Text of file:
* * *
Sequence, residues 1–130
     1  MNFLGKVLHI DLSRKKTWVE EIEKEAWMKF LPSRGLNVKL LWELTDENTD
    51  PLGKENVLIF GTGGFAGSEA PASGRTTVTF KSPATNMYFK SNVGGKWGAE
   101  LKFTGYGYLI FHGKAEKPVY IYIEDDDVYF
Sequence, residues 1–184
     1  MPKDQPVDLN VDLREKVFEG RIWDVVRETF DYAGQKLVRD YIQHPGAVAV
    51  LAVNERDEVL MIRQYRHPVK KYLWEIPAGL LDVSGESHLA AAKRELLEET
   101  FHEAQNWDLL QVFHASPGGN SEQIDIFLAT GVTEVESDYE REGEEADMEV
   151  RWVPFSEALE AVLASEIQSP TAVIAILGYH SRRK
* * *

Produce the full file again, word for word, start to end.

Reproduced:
Sequence, residues 1–130
     1  MNFLGKVLHI DLSRKKTWVE EIEKEAWMKF LPSRGLNVKL LWELTDENTD
    51  PLGKENVLIF GTGGFAGSEA PASGRTTVTF KSPATNMYFK SNVGGKWGAE
   101  LKFTGYGYLI FHGKAEKPVY IYIEDDDVYF
Sequence, residues 1–184
     1  MPKDQPVDLN VDLREKVFEG RIWDVVRETF DYAGQKLVRD YIQHPGAVAV
    51  LAVNERDEVL MIRQYRHPVK KYLWEIPAGL LDVSGESHLA AAKRELLEET
   101  FHEAQNWDLL QVFHASPGGN SEQIDIFLAT GVTEVESDYE REGEEADMEV
   151  RWVPFSEALE AVLASEIQSP TAVIAILGYH SRRK